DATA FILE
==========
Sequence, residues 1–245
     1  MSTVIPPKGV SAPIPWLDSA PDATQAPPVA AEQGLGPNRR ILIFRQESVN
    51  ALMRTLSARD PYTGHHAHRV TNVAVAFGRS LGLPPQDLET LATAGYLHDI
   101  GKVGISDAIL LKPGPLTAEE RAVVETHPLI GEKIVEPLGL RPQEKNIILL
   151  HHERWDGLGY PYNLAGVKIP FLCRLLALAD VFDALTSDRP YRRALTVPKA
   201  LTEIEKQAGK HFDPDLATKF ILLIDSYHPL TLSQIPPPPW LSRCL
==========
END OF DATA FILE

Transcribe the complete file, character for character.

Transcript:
Sequence, residues 1–245
     1  MSTVIPPKGV SAPIPWLDSA PDATQAPPVA AEQGLGPNRR ILIFRQESVN
    51  ALMRTLSARD PYTGHHAHRV TNVAVAFGRS LGLPPQDLET LATAGYLHDI
   101  GKVGISDAIL LKPGPLTAEE RAVVETHPLI GEKIVEPLGL RPQEKNIILL
   151  HHERWDGLGY PYNLAGVKIP FLCRLLALAD VFDALTSDRP YRRALTVPKA
   201  LTEIEKQAGK HFDPDLATKF ILLIDSYHPL TLSQIPPPPW LSRCL